Sunday, April 02, 2006

Book Review: The Non-Designer's Design Book

I'm not a graphic designer. Not even close. So it was with skepticism that I picked up The Non-Designer's Design Book. In the past, when I've searched out design books that I thought would be useful for a non-designer I've been met with two options. Either the book is totally focused on how you can create graphics, or it's simply a collection of examples. Neither of which does me much good.

But The Non-Designer's Design Book is different. Instead, it finds balance in presenting both useful theory and solid examples. The author's goal isn't to teach you how to be a designer, but instead to help you make your existing work more presentable. She gives you some concrete rules to follow to produce better designs.

The book doesn't focus only on the web - examples from resumes, to Hello, My Name is _______ cards are discussed. This shows how universal the principles she's talking about are.

I found her advice especially valid because I've seen some of these exact principles being applied by professional designers. Take alignment - I quickly learned from working with a designer at my last job that everything needs to be aligned with something. By simply aligning our work properly, the designer could turn something created by a programmer into something that looked a lot sharper.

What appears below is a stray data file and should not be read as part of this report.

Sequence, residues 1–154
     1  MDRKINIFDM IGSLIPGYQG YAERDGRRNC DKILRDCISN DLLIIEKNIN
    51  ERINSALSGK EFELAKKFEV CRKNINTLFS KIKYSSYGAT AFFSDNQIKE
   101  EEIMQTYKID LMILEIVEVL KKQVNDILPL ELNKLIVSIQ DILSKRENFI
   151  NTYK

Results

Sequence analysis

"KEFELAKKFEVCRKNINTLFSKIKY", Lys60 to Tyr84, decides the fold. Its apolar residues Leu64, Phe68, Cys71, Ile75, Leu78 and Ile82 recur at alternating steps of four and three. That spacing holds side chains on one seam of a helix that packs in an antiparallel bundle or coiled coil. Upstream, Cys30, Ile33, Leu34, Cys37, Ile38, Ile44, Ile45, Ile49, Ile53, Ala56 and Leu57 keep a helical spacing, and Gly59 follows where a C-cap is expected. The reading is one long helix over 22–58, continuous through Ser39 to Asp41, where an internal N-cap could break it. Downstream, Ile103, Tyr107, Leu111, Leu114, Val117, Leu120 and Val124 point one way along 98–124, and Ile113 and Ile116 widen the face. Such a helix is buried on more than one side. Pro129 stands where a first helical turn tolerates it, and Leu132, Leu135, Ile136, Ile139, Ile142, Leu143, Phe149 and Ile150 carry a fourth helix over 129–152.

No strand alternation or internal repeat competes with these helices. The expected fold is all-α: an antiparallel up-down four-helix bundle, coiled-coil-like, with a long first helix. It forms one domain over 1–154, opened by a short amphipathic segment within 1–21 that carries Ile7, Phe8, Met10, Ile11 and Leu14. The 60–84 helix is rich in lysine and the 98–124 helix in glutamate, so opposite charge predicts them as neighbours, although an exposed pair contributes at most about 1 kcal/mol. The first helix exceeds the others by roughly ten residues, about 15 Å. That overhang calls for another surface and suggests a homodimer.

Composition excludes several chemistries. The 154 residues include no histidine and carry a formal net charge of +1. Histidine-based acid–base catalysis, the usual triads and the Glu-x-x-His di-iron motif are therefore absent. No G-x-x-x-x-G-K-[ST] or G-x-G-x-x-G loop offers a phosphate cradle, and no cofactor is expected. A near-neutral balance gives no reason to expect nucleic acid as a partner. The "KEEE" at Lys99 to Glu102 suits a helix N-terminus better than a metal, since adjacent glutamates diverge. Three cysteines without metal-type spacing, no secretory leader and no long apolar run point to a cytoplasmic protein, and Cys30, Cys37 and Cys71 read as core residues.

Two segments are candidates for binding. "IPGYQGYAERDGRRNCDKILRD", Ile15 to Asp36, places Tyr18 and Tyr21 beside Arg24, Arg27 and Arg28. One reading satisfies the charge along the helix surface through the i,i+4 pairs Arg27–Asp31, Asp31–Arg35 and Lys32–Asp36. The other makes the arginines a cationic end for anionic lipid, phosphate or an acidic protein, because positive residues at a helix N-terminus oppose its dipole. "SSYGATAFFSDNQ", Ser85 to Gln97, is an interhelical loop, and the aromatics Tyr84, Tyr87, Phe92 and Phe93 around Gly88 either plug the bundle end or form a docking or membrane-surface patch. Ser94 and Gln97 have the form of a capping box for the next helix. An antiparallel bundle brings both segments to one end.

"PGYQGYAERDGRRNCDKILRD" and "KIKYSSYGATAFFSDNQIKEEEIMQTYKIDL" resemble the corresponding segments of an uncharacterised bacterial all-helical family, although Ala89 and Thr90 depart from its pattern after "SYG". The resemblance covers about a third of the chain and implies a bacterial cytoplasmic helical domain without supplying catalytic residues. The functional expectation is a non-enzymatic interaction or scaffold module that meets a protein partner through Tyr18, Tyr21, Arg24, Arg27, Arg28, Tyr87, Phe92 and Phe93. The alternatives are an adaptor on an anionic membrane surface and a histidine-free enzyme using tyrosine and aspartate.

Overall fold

Another aspect of this book that I found useful is the terminology the author introduces. I'm very tempted to make this book required reading for my team (guys, consider yourselves warned) just so we can all be speaking the same language. I can say, for example, "What about moving the logo over here because of the proximity rule" and they should know what that means.

I give this book a 10/10 for not only delivering on what it promised, but by going beyond. And you get all this in a book that you could probably read through in just a few hours if you needed to.

Combine this book with Don't Make Me Think by Steve Krug, and you have a pair of books that every web programmer should read. Doing so will no doubt lead to producing better user experiences for your applications.

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